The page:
Menu Service Programs

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The Menu Service Programs – Organizing Menu Service in the Grocery Industry report was developed by The Partnering Group working with leading retailers and manufacturers in North America and was sponsored by the Joint Industry Project on Efficient Consumer Response.

One key to the success of the Efficient Consumer Response (ECR) initiative has been the grocery industry’s willingness to develop and implement tools and processes to improve operations among all industry players. For example, because of activity based costing (ABC), the industry has a better understanding of how to evaluate the value and costs of services between trading partners. Companies now recognize that, in addition to the product, the value and cost of services is an important component of the business relationship.

Because today’s business environment is increasingly geared toward value-chain improvement and cost reduction, service costs (beyond product) may comprise an ever-growing portion of the supplier’s cost structure. Some suppliers incur a significant variation in the cost of providing products and services to different distributors or different channels.

Similarly, distributors, using advanced activity based costing models, may find considerable “cost-of-relationship” differences among suppliers. Suppliers and distributors understand that they can achieve significant value-chain improvements if they work together to optimize work processes and eliminate non-value-added activities and costs associated with them.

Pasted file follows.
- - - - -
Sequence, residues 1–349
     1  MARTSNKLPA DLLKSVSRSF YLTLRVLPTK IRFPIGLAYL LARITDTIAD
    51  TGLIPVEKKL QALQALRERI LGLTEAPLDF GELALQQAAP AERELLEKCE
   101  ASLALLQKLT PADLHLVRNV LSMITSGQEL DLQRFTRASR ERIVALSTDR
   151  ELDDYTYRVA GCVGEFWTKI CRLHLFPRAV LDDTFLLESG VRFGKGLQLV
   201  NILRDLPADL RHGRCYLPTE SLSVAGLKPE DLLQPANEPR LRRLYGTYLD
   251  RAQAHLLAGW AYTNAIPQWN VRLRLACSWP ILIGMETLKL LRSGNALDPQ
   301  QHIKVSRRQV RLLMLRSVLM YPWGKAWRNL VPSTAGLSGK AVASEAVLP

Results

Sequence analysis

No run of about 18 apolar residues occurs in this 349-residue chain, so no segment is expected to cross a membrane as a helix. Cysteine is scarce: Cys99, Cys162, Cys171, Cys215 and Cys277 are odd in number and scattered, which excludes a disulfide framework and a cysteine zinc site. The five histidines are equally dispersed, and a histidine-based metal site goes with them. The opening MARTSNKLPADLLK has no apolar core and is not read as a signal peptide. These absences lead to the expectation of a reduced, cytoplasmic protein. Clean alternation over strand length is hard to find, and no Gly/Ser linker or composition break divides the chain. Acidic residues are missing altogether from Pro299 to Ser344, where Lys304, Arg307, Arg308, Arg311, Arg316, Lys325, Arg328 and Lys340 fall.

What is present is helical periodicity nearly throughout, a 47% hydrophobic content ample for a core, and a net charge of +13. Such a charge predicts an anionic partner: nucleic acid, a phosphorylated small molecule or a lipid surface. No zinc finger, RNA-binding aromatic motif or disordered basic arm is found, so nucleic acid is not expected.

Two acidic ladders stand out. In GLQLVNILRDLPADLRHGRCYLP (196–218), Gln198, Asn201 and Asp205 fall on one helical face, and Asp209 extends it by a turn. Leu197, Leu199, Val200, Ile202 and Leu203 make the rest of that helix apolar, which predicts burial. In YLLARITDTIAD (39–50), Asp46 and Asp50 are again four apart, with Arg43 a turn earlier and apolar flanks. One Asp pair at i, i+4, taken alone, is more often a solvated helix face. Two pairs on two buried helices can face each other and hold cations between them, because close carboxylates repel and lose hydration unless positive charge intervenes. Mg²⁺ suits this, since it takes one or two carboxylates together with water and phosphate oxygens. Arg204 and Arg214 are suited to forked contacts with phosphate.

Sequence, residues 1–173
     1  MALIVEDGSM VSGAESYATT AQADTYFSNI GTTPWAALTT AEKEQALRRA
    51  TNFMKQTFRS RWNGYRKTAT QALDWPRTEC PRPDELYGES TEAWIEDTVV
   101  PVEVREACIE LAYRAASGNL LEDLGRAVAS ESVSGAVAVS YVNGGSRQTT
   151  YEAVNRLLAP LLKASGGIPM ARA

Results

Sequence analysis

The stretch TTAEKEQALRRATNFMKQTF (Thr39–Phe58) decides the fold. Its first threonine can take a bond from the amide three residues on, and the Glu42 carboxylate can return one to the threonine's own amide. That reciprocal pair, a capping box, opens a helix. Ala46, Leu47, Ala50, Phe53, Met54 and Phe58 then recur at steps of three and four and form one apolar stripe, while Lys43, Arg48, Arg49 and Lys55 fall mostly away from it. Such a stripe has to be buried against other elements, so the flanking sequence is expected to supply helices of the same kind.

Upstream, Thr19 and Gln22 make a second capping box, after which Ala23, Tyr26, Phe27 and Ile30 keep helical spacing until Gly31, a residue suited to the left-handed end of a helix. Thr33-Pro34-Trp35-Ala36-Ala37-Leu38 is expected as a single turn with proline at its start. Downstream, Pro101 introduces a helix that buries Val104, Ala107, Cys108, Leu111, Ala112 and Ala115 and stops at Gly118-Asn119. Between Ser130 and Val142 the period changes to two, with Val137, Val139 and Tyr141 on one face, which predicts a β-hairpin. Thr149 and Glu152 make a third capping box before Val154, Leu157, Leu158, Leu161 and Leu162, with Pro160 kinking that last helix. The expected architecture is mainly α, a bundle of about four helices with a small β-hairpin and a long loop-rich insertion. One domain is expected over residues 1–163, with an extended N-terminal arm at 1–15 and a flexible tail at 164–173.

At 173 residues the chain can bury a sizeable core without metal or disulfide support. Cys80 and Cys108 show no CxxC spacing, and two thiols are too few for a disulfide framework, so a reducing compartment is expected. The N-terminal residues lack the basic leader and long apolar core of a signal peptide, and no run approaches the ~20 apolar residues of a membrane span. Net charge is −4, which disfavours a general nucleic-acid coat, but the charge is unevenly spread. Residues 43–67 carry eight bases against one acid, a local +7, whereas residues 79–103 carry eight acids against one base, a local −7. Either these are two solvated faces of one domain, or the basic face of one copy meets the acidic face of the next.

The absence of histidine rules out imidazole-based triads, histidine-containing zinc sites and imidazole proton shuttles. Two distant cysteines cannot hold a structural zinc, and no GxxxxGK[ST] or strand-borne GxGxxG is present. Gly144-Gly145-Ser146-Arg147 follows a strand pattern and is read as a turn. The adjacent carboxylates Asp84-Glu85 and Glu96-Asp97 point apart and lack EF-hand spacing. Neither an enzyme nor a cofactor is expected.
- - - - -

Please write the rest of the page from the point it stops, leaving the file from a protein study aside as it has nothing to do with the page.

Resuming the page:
In part to accelerate these types of value-chain improvements, an increasing number of suppliers are now implementing Menu Service (MS) programs. Through these programs – sometimes referred to in the industry as “cost to serve” or “menu” programs – suppliers typically offer distributors a variety of options beyond the price of the product to encourage distributors to participate in the supplier’s value-chain improvement initiatives. Often, these MS programs attempt to create win-win opportunities where both trading partners may benefit from their respective investments in interface infrastructure and value-chain improvement.

The report presents a formal process approach to menu service program development, evaluation and implementation. The study found that both suppliers and distributors may benefit from the use of a sound, structured methodology in reference to these programs. Key elements of success for both suppliers and distributors include committed upper management support, strong trading partner relationships, sound financial analysis and a spirit of working together.

To obtain a copy of the full report or learn more, contact The Partnering Group email at